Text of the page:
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Occurred 35 years ago

STS-29 deployed the Tracking and Data Relay Satellite into Earth's orbit.



mission duration

4 days, 23 hours, 38 minutes, 50 seconds


March 13, 1989


March 18, 1989
Five astronauts in orange spacesuits pose for portrait in front of US flag
S89-25082 (January 1989) — Space shuttle Discovery will be manned by these five astronauts when it makes it second flight within a five-month period next month. The STS-29 crew members are (front row), Michael L. Coats (right), commander; and John E. Blaha, pilot; (left to right back row) James P. Bagian, Robert C. Springer and James F. Buchli, mission specialists.

Mission Facts

Mission: Tracking and Data Relay Satellite-4 (TDRS-4)
Space Shuttle: Discovery
Launch Pad: 39B
Launch Weight: 256,357 pounds
Launched: March 13, 1989, 9:57:00 a.m. EST
Landing Site: Edwards Air Force Base, Calif.
Landing: March 18, 1989, 6:35:50 a.m. PST
Landing Weight: 194,789 pounds
Runway: 22
Rollout Distance: 9,339 feet
Rollout Time: 53 seconds
Revolution: 80
Mission Duration: 4 days, 23 hours, 38 minutes, 50 seconds
Returned to Kennedy Space Center: March 24, 1989
Orbit Altitude: 184 nautical miles
Orbit Inclination: 28.5 degrees
Miles Traveled: 2 million


Michael L. Coats, Commander
John E. Blaha, Pilot
James P. Bagian, Mission Specialist
Robert C. Springer, Mission Specialist
James F. Buchli, Mission Specialist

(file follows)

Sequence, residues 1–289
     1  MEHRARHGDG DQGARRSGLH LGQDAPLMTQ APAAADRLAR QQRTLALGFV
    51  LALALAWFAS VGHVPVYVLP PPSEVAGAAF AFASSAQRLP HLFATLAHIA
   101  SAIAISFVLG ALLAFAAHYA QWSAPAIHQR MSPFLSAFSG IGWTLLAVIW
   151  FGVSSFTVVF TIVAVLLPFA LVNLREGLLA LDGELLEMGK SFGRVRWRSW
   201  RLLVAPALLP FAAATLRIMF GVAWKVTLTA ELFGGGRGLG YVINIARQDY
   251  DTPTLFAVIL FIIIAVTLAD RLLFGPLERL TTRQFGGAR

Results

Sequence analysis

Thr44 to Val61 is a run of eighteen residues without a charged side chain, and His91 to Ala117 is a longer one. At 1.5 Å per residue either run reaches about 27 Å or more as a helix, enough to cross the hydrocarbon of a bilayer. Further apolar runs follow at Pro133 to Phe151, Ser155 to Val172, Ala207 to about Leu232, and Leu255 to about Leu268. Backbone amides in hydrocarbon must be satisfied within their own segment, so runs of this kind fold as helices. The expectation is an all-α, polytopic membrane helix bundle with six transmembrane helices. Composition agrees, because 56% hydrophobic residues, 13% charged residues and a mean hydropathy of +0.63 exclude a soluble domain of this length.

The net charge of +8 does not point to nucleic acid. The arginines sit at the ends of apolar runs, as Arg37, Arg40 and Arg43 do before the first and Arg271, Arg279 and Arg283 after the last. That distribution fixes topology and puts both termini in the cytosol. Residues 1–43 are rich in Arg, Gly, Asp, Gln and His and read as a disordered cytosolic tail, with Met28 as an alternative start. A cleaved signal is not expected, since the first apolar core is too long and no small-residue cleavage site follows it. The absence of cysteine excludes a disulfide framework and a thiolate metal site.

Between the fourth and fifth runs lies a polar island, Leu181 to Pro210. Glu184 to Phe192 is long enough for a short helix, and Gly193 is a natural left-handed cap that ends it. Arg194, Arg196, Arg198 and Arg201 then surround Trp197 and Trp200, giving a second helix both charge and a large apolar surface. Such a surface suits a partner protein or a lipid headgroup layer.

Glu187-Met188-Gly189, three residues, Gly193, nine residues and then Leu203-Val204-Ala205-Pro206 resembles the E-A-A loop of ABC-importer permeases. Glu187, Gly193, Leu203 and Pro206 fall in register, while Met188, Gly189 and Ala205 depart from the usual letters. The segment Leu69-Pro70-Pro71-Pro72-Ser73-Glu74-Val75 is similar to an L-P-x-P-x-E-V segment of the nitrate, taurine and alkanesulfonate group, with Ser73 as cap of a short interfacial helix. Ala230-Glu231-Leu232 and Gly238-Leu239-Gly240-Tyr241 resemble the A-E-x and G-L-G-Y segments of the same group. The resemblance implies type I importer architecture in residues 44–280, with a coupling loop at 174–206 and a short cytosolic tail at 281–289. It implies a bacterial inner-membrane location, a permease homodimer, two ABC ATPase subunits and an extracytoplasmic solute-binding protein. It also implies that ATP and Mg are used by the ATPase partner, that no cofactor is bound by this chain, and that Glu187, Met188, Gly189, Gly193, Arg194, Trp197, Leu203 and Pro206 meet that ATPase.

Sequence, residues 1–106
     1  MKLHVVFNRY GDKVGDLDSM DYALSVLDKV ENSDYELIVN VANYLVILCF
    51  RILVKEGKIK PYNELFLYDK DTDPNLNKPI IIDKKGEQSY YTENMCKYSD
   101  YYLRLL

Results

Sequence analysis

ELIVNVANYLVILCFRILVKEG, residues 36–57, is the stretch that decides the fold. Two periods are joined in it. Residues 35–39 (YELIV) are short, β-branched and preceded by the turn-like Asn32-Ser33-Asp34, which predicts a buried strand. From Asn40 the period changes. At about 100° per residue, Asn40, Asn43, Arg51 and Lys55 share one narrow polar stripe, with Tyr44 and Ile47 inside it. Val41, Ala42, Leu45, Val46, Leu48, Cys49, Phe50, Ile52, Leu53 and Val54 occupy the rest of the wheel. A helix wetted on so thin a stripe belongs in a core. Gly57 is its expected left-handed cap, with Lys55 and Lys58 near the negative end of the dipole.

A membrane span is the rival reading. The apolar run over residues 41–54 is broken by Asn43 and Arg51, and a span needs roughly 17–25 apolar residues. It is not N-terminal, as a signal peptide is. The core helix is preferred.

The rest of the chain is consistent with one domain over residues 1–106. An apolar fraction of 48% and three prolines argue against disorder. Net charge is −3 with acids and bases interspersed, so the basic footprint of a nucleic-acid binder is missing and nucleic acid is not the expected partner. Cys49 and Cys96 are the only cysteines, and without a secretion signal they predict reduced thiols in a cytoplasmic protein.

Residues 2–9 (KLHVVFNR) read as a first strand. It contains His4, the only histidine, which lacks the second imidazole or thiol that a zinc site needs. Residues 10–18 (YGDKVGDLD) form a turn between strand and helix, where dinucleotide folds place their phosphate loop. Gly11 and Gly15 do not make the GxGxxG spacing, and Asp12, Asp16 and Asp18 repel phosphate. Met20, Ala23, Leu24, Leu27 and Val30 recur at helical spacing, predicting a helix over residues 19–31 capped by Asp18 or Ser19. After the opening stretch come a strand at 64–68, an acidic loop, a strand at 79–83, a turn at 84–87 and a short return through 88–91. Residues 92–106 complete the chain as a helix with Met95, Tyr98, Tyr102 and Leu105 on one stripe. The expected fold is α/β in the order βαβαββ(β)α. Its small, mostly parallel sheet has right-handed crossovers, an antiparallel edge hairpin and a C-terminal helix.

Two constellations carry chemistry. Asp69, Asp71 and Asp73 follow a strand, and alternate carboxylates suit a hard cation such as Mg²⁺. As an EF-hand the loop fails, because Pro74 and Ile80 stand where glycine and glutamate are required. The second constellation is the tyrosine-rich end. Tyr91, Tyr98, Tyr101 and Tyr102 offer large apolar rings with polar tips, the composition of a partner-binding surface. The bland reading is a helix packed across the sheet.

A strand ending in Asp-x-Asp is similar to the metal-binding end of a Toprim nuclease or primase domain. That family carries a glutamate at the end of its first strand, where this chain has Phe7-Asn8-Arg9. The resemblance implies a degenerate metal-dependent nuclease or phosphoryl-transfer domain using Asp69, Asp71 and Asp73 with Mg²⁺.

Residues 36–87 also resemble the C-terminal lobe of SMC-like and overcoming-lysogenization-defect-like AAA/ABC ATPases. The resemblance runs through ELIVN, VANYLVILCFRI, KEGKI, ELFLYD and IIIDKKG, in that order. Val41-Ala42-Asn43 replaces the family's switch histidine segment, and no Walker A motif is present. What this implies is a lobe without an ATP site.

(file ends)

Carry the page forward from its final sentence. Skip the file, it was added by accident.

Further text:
Launch Highlights

The launch manifested for February 18 was reassessed for a late February/early March launch to replace suspect liquid oxygen turbopumps on Discovery’s three main engines and faulty master events controller. The launch on March 13 was delayed 1 hour, 50 minutes due to morning ground fog and upper winds.

Mission Highlights

The primary payload, Tracking and Data Relay Satellite-4 (TDRS-4) which was attached to an Inertial Upper Stage (IUS), became the third TDRS to be deployed. After deployment, the IUS propelled the satellite to a geosynchronous orbit. Secondary payloads: Orbiter Experiments Autonomous Supporting Instrumentation System-1 (OASIS-1); Space Station Heat Pipe Advanced Radiator Experiment (SHARE); Protein Crystal Growth (PCG); Chromosomes and Plant Cell Division (CHROMEX); two Shuttle Student Involvement Program (SSIP) experiments; and Air Force experiment using orbiter as calibration target for ground-based experiment for Air Force Maui Optical Site (AMOS) in Hawaii. Crew also photographed Earth with a hand-held IMAX camera.

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